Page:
Hypertrophic cardiomyopathy

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  • Genetically-linked (AD) hypertrophy of cardiac muscle - can but does not always cause outflow obstruction
  • Abnormal LV diastolic function due to decreased compliance
  • Historically, obstructive forms known as:
    • Idiopathic hypertrophic subaortic stenosis (IHSS)
    • Asymmetric septal hypertrophy (ASH)
  • Yamaguchi syndrome, an atypical HCOM, in which only 1% are non-Japanese

Clinical Features

Differential Diagnosis


Chest pain





  • Sx: Syncope or sudden death most common
    • Also exertional dyspnea, chest pain, syncope, dizziness, palpitations, or CHF
  • Systolic murmur that increases w/ maneuvers that decrease preload (e.g. valsalva, transitioning from squatting to standing, etc.).
  • EKG
    • Nonspecific/normal.
    • Or, high voltage/LVH, deep narrow Q waves in 1, avL, V5, V6 = "daggers of death"


  • EKG
    • May show signs of:
      • LVH
      • "Needle-like" Q waves
  • CXR
  • ECHO


  • Definitive treatment is myomectomy


  • Consider primary insult, which usually is preload issue (fluid depletion, bleed, etc.)
  • If decompensated presents as hypotensive CHF
    • Preserve preload
      • Careful hydration
      • Avoid high airway pressure if intubate
    • Limit tachycardia
      • Beta blockers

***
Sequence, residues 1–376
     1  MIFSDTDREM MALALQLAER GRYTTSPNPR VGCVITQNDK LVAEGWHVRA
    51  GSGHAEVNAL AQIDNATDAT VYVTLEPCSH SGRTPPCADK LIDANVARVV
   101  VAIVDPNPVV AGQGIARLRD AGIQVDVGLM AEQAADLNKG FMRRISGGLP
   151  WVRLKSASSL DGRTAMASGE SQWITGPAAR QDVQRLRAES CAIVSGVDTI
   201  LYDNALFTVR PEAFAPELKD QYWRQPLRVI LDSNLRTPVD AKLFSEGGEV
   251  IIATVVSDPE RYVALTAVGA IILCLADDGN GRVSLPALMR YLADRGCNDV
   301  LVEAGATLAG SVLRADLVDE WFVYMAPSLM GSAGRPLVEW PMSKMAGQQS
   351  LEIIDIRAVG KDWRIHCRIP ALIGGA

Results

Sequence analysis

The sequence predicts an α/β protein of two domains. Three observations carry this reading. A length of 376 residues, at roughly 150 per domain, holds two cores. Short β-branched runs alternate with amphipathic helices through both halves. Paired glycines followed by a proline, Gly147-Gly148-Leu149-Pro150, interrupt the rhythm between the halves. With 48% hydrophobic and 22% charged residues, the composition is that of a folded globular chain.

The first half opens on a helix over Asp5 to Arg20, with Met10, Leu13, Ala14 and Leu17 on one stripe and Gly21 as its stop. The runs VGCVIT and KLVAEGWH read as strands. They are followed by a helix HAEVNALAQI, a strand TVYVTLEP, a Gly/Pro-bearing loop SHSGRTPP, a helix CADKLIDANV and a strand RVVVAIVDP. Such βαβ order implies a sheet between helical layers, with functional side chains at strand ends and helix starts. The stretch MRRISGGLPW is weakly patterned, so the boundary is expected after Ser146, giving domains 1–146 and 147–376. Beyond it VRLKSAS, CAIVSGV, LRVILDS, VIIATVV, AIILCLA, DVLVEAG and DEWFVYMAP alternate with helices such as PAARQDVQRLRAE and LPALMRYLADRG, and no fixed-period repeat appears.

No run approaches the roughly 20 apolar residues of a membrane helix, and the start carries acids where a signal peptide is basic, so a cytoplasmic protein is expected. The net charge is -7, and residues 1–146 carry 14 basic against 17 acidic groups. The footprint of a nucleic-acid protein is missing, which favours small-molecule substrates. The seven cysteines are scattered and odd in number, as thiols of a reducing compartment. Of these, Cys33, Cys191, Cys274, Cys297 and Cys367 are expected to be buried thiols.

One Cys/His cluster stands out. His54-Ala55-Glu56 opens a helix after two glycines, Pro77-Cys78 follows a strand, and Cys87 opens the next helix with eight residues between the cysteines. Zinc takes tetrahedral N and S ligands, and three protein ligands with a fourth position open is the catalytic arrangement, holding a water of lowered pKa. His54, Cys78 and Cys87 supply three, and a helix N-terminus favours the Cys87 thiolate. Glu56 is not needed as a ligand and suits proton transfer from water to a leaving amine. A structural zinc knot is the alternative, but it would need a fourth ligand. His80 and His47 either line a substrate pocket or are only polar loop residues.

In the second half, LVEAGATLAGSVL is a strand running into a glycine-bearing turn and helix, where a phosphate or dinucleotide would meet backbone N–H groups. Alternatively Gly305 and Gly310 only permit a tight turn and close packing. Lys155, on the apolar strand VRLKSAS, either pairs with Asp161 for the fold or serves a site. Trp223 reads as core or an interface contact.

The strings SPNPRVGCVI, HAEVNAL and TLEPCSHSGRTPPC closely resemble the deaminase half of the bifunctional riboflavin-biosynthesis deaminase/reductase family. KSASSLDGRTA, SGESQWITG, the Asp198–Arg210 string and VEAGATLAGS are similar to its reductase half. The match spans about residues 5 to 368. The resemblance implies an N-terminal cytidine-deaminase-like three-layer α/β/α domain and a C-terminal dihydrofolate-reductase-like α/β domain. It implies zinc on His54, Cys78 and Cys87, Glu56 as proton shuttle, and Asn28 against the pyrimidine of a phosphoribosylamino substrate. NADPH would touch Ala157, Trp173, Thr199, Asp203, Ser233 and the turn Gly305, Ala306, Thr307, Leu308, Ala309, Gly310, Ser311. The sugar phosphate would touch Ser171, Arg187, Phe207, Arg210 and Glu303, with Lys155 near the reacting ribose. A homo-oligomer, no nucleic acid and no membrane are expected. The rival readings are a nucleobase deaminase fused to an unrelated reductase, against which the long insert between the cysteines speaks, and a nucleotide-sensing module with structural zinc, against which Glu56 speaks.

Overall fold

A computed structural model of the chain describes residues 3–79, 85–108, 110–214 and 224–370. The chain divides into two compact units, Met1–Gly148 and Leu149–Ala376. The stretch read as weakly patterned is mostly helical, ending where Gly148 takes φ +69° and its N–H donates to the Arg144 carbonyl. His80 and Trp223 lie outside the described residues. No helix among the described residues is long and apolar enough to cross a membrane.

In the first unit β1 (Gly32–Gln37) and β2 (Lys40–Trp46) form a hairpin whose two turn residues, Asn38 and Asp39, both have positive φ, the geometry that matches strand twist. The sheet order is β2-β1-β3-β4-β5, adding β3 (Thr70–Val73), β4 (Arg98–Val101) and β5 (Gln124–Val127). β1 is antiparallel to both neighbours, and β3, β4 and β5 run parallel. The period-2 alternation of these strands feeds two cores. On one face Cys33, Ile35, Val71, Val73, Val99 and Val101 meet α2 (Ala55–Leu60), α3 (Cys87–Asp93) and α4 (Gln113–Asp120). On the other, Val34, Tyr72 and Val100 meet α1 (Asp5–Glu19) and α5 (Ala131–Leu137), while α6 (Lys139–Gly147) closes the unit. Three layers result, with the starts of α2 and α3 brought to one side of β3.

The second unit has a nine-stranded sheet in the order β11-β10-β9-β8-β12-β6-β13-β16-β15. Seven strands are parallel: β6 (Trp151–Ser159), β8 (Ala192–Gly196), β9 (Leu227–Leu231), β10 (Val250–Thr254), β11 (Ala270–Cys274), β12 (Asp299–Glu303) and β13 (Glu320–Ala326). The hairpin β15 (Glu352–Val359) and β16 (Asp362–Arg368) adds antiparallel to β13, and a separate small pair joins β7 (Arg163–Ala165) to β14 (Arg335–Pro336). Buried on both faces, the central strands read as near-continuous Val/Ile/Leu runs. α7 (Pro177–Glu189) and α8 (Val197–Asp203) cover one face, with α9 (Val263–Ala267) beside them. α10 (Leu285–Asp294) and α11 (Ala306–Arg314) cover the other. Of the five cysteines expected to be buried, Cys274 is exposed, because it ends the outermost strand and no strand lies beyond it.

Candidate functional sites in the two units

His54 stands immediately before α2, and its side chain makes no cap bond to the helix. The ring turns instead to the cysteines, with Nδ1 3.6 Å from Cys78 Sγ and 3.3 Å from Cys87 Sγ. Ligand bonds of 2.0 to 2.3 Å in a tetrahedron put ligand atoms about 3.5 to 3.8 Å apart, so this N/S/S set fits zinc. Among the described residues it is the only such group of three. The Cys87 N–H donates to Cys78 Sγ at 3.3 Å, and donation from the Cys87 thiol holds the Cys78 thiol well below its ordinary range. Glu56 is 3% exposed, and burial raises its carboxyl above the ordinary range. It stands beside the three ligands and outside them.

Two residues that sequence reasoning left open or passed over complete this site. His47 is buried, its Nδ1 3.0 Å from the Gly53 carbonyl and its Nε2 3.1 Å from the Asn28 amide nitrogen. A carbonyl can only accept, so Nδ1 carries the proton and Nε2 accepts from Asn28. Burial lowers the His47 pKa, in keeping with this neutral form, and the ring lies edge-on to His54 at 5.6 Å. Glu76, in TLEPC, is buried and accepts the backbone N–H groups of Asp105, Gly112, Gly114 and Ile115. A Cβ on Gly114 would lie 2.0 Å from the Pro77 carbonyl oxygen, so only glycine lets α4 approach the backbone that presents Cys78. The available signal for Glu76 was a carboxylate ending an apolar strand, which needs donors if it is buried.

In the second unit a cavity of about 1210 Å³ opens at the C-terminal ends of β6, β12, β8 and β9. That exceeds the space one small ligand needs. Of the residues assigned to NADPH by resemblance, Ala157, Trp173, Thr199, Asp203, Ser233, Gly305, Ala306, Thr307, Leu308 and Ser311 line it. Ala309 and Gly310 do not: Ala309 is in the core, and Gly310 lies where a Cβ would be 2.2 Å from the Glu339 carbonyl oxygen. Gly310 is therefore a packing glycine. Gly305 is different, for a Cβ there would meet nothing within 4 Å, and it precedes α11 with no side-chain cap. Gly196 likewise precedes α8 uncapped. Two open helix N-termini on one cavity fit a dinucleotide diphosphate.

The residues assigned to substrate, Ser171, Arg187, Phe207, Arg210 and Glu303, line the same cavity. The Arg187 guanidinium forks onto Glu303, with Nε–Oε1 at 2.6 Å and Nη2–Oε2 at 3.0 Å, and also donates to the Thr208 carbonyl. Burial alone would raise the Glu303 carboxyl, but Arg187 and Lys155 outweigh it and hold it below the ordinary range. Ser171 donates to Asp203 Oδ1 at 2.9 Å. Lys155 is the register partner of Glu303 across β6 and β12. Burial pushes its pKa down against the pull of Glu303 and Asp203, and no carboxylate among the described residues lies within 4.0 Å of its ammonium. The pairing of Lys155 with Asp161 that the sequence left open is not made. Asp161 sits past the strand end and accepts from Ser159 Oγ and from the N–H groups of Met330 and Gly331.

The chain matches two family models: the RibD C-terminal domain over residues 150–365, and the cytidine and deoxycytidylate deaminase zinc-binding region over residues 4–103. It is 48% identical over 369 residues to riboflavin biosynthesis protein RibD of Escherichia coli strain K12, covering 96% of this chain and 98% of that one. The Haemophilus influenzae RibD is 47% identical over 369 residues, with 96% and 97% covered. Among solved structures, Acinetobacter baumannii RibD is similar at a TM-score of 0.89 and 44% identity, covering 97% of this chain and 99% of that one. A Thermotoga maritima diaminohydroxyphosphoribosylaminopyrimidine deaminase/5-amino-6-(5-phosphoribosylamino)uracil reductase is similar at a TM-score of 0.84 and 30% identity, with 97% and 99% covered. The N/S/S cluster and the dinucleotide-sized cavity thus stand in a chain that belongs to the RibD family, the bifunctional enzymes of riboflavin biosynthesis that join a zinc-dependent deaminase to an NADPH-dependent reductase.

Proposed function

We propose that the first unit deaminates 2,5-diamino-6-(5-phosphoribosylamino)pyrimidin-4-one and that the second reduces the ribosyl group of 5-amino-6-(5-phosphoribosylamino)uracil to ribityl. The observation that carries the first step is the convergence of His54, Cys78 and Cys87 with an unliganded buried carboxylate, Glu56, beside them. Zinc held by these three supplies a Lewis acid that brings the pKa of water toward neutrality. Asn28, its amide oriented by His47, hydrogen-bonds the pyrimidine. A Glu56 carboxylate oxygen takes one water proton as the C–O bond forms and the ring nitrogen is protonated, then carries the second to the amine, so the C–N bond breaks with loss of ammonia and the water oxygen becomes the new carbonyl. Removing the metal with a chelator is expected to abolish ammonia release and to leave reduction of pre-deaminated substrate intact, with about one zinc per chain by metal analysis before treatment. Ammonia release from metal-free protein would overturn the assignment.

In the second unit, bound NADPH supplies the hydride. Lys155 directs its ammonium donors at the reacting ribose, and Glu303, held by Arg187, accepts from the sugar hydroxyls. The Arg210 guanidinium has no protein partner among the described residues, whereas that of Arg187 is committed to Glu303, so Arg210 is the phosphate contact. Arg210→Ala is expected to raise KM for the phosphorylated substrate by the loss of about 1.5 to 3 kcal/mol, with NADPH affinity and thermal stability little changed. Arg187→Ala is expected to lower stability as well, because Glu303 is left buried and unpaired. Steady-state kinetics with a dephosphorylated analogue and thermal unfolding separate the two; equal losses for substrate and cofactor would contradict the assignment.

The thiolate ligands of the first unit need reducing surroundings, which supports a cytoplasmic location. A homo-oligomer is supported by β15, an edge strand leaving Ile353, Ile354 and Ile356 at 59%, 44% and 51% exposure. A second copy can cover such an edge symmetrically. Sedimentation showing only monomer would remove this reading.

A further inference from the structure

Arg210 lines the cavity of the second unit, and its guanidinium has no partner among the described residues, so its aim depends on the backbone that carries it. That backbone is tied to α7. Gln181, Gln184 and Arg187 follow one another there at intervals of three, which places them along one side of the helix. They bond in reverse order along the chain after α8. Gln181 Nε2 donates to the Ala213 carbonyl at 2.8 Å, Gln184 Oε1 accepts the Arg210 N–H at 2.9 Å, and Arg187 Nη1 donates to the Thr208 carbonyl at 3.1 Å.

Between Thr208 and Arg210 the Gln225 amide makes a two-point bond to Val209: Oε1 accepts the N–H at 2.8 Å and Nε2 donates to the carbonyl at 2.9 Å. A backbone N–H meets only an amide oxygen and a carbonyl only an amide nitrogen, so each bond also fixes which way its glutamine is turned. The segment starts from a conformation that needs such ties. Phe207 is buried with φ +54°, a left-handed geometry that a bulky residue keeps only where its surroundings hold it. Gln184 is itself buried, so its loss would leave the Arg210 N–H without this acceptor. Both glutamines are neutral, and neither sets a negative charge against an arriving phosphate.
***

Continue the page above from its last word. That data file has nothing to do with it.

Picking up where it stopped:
• Avoid vasodilators (no nitrates)
    • Maintain sinus rythm (i.e. cardiovert A. fib)
    • Increase afterload (hypotensive only)
      • Phenylephrine, max dose range depending on source
        • Start at 100 mcg/min (~1.5 mcg/kg/min for average adult)
        • Range usually 0.5 - 6.0 mcg/kg/min, with efficacy minimal beyond 6 mcg/kg/min)[1]
        • Max phenylephrine infusion before other pressors
        • Fix acid-base disorder as acidosis may prevent pressor efficacy
        • Consider maxing vasopressin next
          • Pressor effects more preserved in hypoxia and acidosis[2]
          • Preferred over pressors with beta agonism
      • Push dose pressor while waiting for IV drip:
        • Place 1mL of 10mg/mL phenylephrine in 100mL NS
        • Final concentration 100mcg/mL
        • Use 1-2mL q2-5min (100-200mcg) in 10mL syringe
        • Onset 1min; duration 20min

Pharmacologic Management

  • Per Amer Coll of Cardiology 2011 recommendations[3]
  • Class I
    • BBs for angina or dyspnea in adults in HCM regardless of obstructive physiology - use with caution in sinus brady or conduction abnormality
    • Titrate BB dose to symptoms, may increase BB dose to resting HR to 60 bpm
    • PO verapamil titrated up to 480 mg/d if pt unresponsive or cannot tolerate BBs - caution in advanced HF, hypotension, sinus brady, high LVOT gradients
    • IV phenylephrine for acute hypotension unresponsive to fluids
  • Class IIa
    • Reasonable to add disopyramide with BB or verapamil if unresponsive to BB or CCB alone in obstructive HCM
    • Reasonable to add oral diuretics in nonobstructive HCM when symptoms persist despite BB or CCB
  • Class III (harm)
    • Avoid nifedipine and other dihydropyridine CCB
    • Avoid digitalis
    • Avoid disopyramide alone w/o BB or CCB
    • Avoid positive inotropic vasopressors (dopamine, dobutamine, norepi, epi)


  • Admit

See Also


  1. Global RPH in reference to Micromedex. 12/2014. http://www.globalrph.com/phenylephrine_dilution.htm
  2. Overgaard CB and Dzavik V. Contemporary Reviews in Cardiovascular Medicine: Inotropes and Vasopressors - Review of Physiology and Clinical Use in Cardiovascular Disease. Circulation. 2008; 118: 1047-1056.
  3. American College of Cardiology. 2011. http://content.onlinejacc.org/article.aspx?articleid=1147838